Impact of debt relief in Bolivia

A new report has found social and economic improvements in Bolivia since debt cancellation in 2005, but other factors are also responsible.

Image: Jubileo Bolivia

Fundación Jubileo (Jubilee Bolivia) have released research on the impact of debt relief through the Heavily Indebted Poor Countries initiative in Bolivia.

Bolivia first had some debt cancelled under the Heavily Indebted Poor Ccountries initiative in 1998, and after this had little impact, again in 2001. However, this debt relief made little reduction in the total level of debt, simply bringing it down to levels considered payable by the IMF and World Bank. The report finds the total amount of debt increased between 1998 and 2005, and debt payments peaked in 2005. Bolivia’s debt and debt payments only fell following the agreement in 2005 to cancel much of the debt owed to the IMF, World Bank and (from 2007) the Inter-American Development Bank.

The report estimates that debt relief has so far saved Bolivia $2.2 billion in cancelled payments since 1998, and will ultimately save $5.4 billion by the time the last cancelled debt payment was due to be paid in 2045. The largest single year saving was in 2010; $256 million.

The report finds that there has been a marked decrease in poverty and inequality since 2007, along with improved social and economic outcomes. The percentage of the population living in extreme poverty stagnated around 40 per cent from 1996 to 2007, but fell to 26 per cent by 2009. The Gini index measure of inequality was constantly around 60 from 1996 to 2006, but fell to 50 by 2009.  There has also been improvement in health and social outcomes. For example, the percentage of the population covered by an adequate maternity service has increased from 41 per cent in 2005 to 53 per cent in 2009. The economy has also performed strongly. GDP per person has doubled from $1000 in 2005 to $2000 in 2010.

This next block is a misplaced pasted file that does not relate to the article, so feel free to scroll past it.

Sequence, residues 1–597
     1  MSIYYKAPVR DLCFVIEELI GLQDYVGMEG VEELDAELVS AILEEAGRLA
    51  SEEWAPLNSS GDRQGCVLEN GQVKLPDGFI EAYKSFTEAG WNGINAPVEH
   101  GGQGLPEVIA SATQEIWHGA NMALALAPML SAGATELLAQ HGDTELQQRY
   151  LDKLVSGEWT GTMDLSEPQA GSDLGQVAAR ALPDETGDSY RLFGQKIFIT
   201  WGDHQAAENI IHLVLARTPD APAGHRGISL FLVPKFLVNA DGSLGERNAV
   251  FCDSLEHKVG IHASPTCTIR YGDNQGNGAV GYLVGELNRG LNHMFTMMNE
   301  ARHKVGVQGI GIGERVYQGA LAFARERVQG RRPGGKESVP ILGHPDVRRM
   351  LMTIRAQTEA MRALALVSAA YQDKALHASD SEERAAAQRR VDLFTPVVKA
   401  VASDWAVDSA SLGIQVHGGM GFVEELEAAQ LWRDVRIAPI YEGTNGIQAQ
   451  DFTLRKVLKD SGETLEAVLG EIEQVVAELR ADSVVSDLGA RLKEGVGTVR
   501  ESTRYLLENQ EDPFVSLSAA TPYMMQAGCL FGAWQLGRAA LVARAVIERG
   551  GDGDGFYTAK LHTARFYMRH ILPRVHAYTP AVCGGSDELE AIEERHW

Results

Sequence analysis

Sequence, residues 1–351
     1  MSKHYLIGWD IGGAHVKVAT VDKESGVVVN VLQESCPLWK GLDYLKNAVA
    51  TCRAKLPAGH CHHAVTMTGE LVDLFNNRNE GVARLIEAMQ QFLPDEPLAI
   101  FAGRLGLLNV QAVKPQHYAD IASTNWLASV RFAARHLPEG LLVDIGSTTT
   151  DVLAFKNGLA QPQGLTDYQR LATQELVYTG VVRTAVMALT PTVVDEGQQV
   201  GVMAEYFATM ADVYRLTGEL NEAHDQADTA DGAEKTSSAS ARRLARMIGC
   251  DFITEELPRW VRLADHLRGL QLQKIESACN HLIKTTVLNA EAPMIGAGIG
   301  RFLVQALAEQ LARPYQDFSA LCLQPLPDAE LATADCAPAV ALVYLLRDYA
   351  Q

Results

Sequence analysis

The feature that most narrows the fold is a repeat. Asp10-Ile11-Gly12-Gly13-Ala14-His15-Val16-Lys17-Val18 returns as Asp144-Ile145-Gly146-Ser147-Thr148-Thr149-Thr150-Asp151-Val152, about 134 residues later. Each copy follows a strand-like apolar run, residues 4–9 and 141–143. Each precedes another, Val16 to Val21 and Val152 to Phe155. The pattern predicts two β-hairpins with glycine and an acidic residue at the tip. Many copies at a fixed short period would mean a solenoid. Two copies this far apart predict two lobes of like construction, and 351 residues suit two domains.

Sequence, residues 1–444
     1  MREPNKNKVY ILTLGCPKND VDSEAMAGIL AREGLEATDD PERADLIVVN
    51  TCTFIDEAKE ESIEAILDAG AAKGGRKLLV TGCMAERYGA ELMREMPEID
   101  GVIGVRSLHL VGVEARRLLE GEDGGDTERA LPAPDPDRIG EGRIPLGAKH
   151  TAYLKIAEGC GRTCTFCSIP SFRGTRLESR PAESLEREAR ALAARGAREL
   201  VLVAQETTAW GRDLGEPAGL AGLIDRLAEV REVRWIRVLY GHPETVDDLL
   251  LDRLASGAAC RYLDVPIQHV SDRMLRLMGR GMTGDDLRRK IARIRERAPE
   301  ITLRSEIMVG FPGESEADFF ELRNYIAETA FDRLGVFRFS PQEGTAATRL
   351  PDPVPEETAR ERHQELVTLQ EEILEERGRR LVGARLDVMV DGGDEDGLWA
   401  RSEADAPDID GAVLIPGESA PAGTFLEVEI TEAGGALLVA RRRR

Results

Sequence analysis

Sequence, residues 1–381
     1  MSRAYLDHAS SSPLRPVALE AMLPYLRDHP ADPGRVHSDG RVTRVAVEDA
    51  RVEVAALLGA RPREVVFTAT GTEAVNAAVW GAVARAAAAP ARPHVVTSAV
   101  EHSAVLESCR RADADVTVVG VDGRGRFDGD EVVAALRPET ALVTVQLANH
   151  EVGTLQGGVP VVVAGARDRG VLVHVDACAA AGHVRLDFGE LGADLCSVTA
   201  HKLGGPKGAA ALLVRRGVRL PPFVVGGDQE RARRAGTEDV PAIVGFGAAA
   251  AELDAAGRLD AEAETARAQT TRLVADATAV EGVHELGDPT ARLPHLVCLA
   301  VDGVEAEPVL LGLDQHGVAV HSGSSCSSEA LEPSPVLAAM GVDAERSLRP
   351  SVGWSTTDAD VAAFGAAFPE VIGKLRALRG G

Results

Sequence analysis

The debt savings from 2005 have been correlated with increased prices for the country’s hydrocarbon and mining resources. These have both increased the amount of money available to the government and local municipalities, so it is difficult to determine how much the improvements in social and economic outcomes has been due to debt relief. The report suspects that the hydrocarbon and mining resources have had a larger impact than debt cancellation.

The Bolivian government’s external debt has increased by $700 million since 2007, but because of economic growth has continued falling as a percentage of GDP. In 2010 it was 15 per cent of GDP, compared to 17 per cent in 2007 and 52 per cent in 2005. The government debt owed domestically, to citizens or companies in the country, is now higher than external, making up 62 per cent of the government’s total debt. Government domestic debt is currently 24 per cent of GDP, compared to 23 per cent in 2005.

Unlike other HIPC countries, Bolivia has had a trade surplus since debt cancellation, averaging 1.7 per cent of GDP since 2006 (compared to a deficit of 3.7 per cent from 1997 to 2005). Every other country which has completed HIPC has continued to record trade deficits.  This means Bolivia should be less vulnerable to entering a debt crisis again in the future – a trade surplus means it is effectively lending money to the rest of the world, rather than borrowing – though the continued dependence on hydrocarbons and mining does leave the country vulnerable to changes in global commodity prices.


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